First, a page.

|Rating: 4.5 / 5
Reviewer: Greg Hutton
Celebration Rock is the most aptly named album of 2012; a party record with a conscience, a celebration tinged with nostalgia. Calling it a party record actually requires a redefinition of the term. The voices in ‘The Nights of Wine and Roses’ are not indulging in rock and roll excess, but instead express innocent escapism informed by the basic ludicrousness of their actions. Yes, drinking and smoking all night are essentially acts of needless self-destruction, but they’re fun, and more than this they are the kind of nights that are later recalled most fondly. Tracks such as ‘Adrenaline Nightshift’ share a similar viewpoint, in that the message seems to be even if the good times aren’t completely over, the end looms largely on the horizon. This sentiment is best captured in the album’s spiritual centerpiece, ‘Younger Us’ which quite clearly hearkens back to carefree days and memories of good times. It’s a party record, sure, but it’s also a little heartbreaking.
Japandroids’ lyrical evolution is a noteworthy element of the record. The can’t-help-but-sing-along chants of their earlier work is largely retained, but is also welcomingly fleshed out with longer, more varied verses. As catchy as earlier efforts were, it turns out the band can be equally as impressive when demonstrating their eloquence. Also of note is another entry in the band’s excellent choices in cover songs (following such welcome entries as McLusky’s ‘To Hell with Good Intentions’ and Big Black’s ‘Racer X’) with Gun Club’s ‘For the Love of Ivy’. Japandroids have a knack for making a cover their own, highlighting what they do best without trying to outdo the originals. Wisely, there are no attempts to out-wail Gun Club’s Jeffrey Lee Pierce or out-rockabilly the original. They stick to what they do best, and in doing so successfully make the song their own.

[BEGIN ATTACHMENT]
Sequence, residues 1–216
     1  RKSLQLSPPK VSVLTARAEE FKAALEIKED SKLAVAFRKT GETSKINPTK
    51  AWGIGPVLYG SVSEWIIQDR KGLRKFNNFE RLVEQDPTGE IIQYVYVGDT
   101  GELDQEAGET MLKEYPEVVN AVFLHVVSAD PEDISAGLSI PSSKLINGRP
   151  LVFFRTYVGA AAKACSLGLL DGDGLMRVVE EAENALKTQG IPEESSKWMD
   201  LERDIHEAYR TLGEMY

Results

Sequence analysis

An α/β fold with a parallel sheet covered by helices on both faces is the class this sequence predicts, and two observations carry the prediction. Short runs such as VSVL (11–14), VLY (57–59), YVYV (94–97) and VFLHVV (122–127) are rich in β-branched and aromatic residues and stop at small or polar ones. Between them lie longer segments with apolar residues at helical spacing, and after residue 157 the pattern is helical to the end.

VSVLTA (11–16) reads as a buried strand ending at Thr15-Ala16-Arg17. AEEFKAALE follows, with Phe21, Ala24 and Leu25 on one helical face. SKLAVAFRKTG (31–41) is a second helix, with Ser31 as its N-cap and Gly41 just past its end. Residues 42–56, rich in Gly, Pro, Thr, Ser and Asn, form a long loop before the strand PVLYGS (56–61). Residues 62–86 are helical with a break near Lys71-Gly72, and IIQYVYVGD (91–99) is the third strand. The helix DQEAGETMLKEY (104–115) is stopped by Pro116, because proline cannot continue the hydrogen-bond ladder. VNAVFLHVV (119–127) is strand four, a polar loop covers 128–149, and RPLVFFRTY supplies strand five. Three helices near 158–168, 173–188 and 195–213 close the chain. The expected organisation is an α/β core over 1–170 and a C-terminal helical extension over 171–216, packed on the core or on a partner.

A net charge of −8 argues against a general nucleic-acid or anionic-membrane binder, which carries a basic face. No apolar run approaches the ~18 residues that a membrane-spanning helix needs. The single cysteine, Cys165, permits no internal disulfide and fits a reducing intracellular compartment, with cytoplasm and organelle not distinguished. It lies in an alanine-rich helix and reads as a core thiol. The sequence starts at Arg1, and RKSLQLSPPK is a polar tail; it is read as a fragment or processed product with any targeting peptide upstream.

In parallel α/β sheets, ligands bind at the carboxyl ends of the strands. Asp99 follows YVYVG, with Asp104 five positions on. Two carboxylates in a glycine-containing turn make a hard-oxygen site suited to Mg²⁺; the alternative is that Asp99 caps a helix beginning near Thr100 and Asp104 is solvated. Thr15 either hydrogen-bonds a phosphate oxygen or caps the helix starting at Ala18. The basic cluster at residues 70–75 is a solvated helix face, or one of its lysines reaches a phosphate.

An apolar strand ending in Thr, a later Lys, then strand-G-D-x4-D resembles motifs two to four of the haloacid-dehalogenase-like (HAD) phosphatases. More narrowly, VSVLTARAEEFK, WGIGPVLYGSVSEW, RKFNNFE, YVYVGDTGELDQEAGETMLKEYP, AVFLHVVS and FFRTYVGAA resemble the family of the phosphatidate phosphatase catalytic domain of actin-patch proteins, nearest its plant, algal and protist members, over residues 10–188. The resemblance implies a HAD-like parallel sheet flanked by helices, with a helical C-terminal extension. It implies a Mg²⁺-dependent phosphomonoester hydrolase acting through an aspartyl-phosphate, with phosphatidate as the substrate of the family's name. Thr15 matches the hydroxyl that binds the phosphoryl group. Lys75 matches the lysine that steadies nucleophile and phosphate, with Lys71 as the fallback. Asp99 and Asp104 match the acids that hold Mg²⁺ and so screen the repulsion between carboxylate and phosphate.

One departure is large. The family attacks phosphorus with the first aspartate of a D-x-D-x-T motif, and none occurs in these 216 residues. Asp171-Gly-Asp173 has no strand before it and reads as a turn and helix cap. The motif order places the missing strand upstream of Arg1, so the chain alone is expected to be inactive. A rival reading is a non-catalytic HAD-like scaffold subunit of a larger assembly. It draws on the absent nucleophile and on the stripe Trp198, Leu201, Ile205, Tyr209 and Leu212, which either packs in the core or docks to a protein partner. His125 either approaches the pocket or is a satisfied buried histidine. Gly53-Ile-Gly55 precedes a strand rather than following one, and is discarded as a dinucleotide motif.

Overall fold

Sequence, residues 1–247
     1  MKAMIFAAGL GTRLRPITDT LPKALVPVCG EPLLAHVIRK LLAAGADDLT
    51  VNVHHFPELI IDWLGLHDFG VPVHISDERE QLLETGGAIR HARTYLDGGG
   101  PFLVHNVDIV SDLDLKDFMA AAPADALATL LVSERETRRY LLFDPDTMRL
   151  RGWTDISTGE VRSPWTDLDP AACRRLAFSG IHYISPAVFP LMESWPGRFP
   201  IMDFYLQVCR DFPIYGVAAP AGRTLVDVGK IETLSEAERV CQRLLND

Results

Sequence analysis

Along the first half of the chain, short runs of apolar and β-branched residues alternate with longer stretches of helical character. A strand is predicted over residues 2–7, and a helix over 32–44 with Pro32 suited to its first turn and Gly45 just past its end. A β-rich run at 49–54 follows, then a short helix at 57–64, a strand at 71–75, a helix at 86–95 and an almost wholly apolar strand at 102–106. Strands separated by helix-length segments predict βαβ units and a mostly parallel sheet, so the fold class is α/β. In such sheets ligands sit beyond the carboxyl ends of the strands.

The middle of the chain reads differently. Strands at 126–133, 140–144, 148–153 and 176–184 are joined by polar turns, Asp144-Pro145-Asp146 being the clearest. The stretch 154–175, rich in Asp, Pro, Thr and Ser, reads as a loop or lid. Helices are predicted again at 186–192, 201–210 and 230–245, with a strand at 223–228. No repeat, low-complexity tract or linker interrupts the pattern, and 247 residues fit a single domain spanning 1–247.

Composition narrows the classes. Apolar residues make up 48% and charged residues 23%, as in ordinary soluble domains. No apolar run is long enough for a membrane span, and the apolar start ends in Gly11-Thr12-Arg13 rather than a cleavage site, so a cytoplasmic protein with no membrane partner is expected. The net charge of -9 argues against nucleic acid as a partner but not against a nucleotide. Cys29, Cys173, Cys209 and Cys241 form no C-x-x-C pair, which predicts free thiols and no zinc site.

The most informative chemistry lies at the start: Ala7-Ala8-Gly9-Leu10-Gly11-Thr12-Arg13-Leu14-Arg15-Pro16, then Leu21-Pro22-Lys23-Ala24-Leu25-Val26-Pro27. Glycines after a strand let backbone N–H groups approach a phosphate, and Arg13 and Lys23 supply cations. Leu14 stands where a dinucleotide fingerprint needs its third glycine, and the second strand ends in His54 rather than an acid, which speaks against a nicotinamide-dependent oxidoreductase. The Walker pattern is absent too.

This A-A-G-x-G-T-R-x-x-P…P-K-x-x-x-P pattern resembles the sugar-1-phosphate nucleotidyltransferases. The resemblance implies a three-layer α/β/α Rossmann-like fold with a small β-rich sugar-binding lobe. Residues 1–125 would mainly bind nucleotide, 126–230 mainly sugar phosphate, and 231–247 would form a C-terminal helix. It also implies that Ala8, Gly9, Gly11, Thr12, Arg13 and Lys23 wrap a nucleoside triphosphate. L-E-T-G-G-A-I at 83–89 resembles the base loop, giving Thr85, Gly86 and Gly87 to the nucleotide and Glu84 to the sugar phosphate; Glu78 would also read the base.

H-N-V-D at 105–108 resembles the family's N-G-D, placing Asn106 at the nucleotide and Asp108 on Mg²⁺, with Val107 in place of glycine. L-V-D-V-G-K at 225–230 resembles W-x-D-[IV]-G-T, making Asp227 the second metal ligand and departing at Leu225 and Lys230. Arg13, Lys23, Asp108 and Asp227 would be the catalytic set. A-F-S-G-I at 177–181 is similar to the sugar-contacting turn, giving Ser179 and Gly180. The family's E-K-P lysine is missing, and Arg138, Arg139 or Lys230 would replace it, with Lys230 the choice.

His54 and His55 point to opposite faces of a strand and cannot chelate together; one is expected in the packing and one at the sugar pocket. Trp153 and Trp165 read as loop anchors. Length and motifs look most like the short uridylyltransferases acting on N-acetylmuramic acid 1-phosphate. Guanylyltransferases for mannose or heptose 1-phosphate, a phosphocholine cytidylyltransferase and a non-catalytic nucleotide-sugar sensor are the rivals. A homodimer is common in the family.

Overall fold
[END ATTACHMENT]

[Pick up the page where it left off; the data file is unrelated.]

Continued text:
Like the best parties, the record ends long before anyone has thought to glance at a watch or made plans to enliven the proceedings with a change of venue. That the Japandroids have kept up their energy at this pace through two albums and a b-sides collection is commendable. Usually it is nearly impossible to recreate exactly the fun or essence of the best parties later on even if the same components are present. In fact, attempting to do so often results in a bummer. All that said, the Japandroids avoid any of the potential letdown inherent to following up a highly regarded precursor by creating another essential album. This is indeed celebration-inducing rock.